One can modify the breath to lengthen the lower back in a safe and effective manner to reduce compression of the lumbar discs.
Basic Breathing Mechanics
In yoga, breathing can be manipulated in many ways depending on one's intention: to energise, to relax, to concentrate, or to stretch. For our purpose to lengthen the lower back, natural diaphragmatic breathing will have zero effect. Increasing the volume of the breath to include thoracic and clavicular breathing can provide some increased force to lengthen, but it requires important modifications to provide the optimum stretch for the lower back. So, let's first look at the three breathing processes that affect lung volume:
In its relaxed state, the diaphragm muscle rests in a dome-like shape separating the abdominal and thoracic cavities. When the diaphragm contracts, it exerts a downward pressure on the abdominal organs, forcing the abdomen forward since the spine prevents the organs from moving back. As the diaphragm moves down, lung volume increases but pressure decreases in relation to atmospheric pressure, so an inhalation takes place to balance out the pressure.
On exhalation, the diaphragm relaxes back up into its dome-like shape reducing volume and increasing pressure in relation to atmospheric pressure, so an exhalation takes place to balance out the pressure.
Abdominal breathing accounts for approximately 75% of breathing capacity.
External intercostal muscles between ribs are responsible for separating the ribs to create more volume, less pressure, facilitating inhalation. Internal intercostal muscles between ribs are responsible for depressing and retracting the ribs to reduce volume, increase pressure, facilitating exhalation.
Thoracic breathing accounts for approximately 20+% of breathing capacity.
Clavicular breathing involves the lifting of the clavicle bones along with the shoulders to draw breath in the upper regions of the pear-shaped lungs.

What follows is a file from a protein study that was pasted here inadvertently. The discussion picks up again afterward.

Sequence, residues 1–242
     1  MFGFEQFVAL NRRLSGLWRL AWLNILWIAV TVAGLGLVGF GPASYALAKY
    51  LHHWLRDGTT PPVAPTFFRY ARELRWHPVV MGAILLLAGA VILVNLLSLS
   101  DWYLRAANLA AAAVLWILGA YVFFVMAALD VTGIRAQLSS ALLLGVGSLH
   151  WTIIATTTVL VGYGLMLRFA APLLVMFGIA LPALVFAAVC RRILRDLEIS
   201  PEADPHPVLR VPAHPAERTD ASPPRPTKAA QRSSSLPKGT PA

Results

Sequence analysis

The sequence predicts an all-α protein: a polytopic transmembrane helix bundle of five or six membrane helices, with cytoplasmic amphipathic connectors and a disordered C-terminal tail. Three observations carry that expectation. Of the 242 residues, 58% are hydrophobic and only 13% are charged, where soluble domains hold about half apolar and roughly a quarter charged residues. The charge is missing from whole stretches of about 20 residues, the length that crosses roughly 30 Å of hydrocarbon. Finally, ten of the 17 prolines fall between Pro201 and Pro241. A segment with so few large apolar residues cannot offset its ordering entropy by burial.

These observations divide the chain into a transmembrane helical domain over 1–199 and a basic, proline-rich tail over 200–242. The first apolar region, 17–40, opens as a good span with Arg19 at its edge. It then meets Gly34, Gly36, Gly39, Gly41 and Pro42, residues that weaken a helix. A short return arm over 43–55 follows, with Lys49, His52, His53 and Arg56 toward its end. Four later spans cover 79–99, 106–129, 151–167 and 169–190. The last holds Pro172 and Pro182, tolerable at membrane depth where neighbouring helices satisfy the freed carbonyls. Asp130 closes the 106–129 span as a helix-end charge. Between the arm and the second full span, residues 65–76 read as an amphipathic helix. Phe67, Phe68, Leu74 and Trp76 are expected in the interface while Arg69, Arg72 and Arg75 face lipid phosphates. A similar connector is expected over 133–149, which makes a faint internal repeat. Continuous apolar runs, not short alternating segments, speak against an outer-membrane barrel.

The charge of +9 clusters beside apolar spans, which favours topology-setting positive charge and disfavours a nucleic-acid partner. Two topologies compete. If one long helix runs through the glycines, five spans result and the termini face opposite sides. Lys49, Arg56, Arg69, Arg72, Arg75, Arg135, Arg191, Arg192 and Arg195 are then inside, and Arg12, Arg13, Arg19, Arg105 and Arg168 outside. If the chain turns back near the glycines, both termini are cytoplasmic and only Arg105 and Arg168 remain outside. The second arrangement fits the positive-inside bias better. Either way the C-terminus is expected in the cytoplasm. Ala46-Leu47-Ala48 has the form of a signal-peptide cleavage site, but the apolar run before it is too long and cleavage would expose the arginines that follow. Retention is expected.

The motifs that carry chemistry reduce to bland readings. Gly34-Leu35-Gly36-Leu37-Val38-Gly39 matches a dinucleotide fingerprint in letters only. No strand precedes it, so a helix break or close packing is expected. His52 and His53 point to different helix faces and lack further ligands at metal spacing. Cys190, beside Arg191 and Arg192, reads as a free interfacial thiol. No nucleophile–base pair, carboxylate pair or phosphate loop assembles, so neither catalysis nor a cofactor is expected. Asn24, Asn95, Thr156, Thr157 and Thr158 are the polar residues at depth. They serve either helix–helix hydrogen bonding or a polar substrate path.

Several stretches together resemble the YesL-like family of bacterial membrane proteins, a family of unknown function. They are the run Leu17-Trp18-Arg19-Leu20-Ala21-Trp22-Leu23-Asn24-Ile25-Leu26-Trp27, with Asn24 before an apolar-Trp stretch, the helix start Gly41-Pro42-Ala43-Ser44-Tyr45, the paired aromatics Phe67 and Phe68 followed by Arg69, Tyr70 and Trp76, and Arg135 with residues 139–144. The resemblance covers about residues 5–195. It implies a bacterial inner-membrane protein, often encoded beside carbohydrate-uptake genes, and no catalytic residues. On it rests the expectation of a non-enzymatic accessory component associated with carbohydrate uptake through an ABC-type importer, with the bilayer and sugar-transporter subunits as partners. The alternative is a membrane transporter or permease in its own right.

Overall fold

It accounts for a small percentage of breathing capacity.
Full Yogic Breathing
Full yogic breathing utilises all three breathing processes (abdominal, thoracic and clavicular) to reach vital lung capacity to enhance vitality and to affect consciousness. However, if the objective is to use the internal pressure created by breathing to lengthen the lower back, it is necessary to modify full yogic breathing.
Breathing Exercise for the Lower Back
Most lower back conditions result from compression of the lumbar vertebrae. In this exercise, our goal is to manipulate the breath to create pressure in such a way as to lengthen the lower back, safely and comfortably.
Lying on the floor with knees bent and feet on the floor, (1) we contract the pelvic floor muscles (the muscles between the sex organs and anus) as if sucking the pelvic floor up within the body, then (2) we pull in the lowest abdominal muscles as deeply as possible as if glueing the skin of the belly to the front of the lumbar spine. These two internal contractions stabilise the pelvis and lumbar vertebrae.
We next apply thoracic and clavicular breathing only. There is no abdominal breathing, because the abdomen remains pulled in to stabilise the pelvis and lumbar vertebrae.
Thoracic and clavicular breathing have the effect of lifting the ribcage up and away from the stabilised pelvis. There is one bony structure (the ribcage) moving away from another bony structure (the pelvis), thereby lengthening the space in-between - the lumbar vertebrae.
Many people find it difficult to restrict abdominal breathing. To verify, one hand can be placed on the side of the ribs and one hand on the belly. Only the hand on the ribs should move during inhalation.
It is very easy to regulate the amount of stretch one experiences by controlling the depth of the breath. If one doesn't feel any stretch on either side of the lumbar vertebrae, one has to breathe deeper to lift the ribcage even further from the pelvis. Conversely, one should not force beyond a comfortable lengthening of the spine. Forcing, even if just by the breath, will have the same deleterious consequences as forcing by any other means. However, with not so many moving parts and by stabilising the lumbar vertebrae, this is as safe a practice as they come, and with 8-12 breaths a minute, one can consciously stretch the lower back 30-60 times in 3-5 minutes effectively sculpting the lower back in a way that provides relief from a compressed state while taking as many breaks as necessary along the way.
Take a class
This breathing stretch is one of twenty-eight practice videos for the lower back now available as an iphone app. See a preview.